Don't forget to pack your bird first aid kit and a list of avian vets in the area you will be staying. Your own avian vet may be able to recommend someone they are familiar with at your destination. 

Bring your own drinking water for your bird from home or bottled water your bird is used to.  Pack all the bird's food together. Baby wipes are great to have along. Bring a spray bottle for cleanup and at least one cleanup cloth. Don't forget a supply of plastic garbage bags also. Don't pour your bird's water dish into hotel sinks if there is food or seed in the water. Dump them into your garbage bags instead.

You may want to do your own cleaning of your hotel room to avoid any cleaning fumes if you will be staying for several days. Be aware also that some hotels in humid, hot vacation areas spray for bugs on a regular basis. Ask beforehand if your hotel does this. You may need to air out your room once you arrive to make it bird safe. If you take care to keep your hotel room clean from bird debris you will leave a positive message with the management for the next bird traveler.

Never, never leave your bird unattended in a car for even a few minutes. Someone should stay in the car with the bird any time you must stop, or if necessary, take the bird in its carrier with you. Try to leave your bird alone in your hotel room as little as possible. Use the "DO NOT DISTURB" sign at all times your bird is in your room alone.

Feather clipping may be controversial for some, but if you bird is traveling, I highly recommend it. Car accidents can and do happen, and an accident may release your bird from it's carrier or cage.  Unexpected escapes can also occur while you are changing bedding, or food, or comforting your bird.  Flight feather grow back, and better safe than sorry can be a real statement of fact.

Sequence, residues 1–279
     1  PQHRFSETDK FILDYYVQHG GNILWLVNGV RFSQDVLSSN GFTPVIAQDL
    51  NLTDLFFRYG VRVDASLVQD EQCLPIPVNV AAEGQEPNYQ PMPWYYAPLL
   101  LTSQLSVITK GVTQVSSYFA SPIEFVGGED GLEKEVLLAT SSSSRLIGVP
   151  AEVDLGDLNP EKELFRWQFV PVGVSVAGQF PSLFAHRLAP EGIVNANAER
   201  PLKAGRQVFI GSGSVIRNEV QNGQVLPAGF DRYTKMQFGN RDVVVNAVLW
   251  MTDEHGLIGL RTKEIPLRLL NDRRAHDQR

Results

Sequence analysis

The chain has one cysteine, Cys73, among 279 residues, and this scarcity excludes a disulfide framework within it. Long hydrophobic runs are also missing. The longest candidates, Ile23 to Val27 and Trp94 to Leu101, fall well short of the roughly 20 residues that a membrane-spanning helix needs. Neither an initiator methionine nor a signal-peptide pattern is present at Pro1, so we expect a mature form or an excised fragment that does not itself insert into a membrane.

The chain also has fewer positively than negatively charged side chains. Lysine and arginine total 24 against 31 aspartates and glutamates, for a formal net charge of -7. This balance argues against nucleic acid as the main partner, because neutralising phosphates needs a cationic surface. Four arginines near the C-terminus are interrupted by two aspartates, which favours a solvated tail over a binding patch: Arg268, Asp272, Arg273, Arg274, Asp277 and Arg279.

Most of all, enjoy your vacation or travels, and if you can, share them with your special feathered friend whenever possible

Thursday, May 14, 2015

Does Your Bird have a Favorite Fruit or Veggie?

I am often asked what are some healthy fruits and vegetables to feed a bird.  Healthy foods are always the goal, but if your bird won't touch them, well a 'bird's gonna do what a bird's gonna do'.  So here are 3 suggestions of some fun fruits and veggies to try.  All it sometimes takes is one new veggie or fruit piece to start your bird on a healthier diet.

I love feeding carrot tops and carrots.  Carrots and carrot tops are awesome Vitamin A sources for your bird.  All of our birds from the smallest finches to the largest Macaw, have fun while they eat them.  I rinse the carrot tops and weave through the bars of a cage for the small birds who love munching, shredding, and even enjoying the wet greenery as a refreshment.  The added bonus of feeding carrot tops, is that if you are growing them in a pot or your garden, clipping the tops only encourages them to produce more carrot tops.  That's a win-win.

Watermelon is a yummy super food that you may not have thought of for your bird.  Most people think of
watermelon as a food that is mostly water.  That's true, but this refreshing fruit is loaded with vitamins A, B6, C, and other goodies.  It's low fat (as most vegetables and fruits are) and healthy.    Larger birds can even enjoy watermelon seeds and some will love the meat of the watermelon close to the rind as much as the juicy red center.  Try small pieces for small birds, you can even float a chunk in a water dish to capture your bird's curiosity.   Freeze some watermelon in an ice cube for larger birds and place it in their water dish.  Watch the fun begin.  (Don't forget to give clean water after the snack)

 Summer squash can be a fun food as well.  Chunks and slices are loved by our bigger birds.  But surprisingly even the small birds love picking out the squash seeds.  Sometimes eating them, sometimes just playing with them.  Playing with your food however is highly recommended.  Squash is a great vitamin C source for your bird as well as other many health benefits.

Make a fun kabob with some squash, watermelon, and carrot slices.  Weave some carrot tops in, and not only provide something healthy, but also something that can be fun and entertaining for your bird.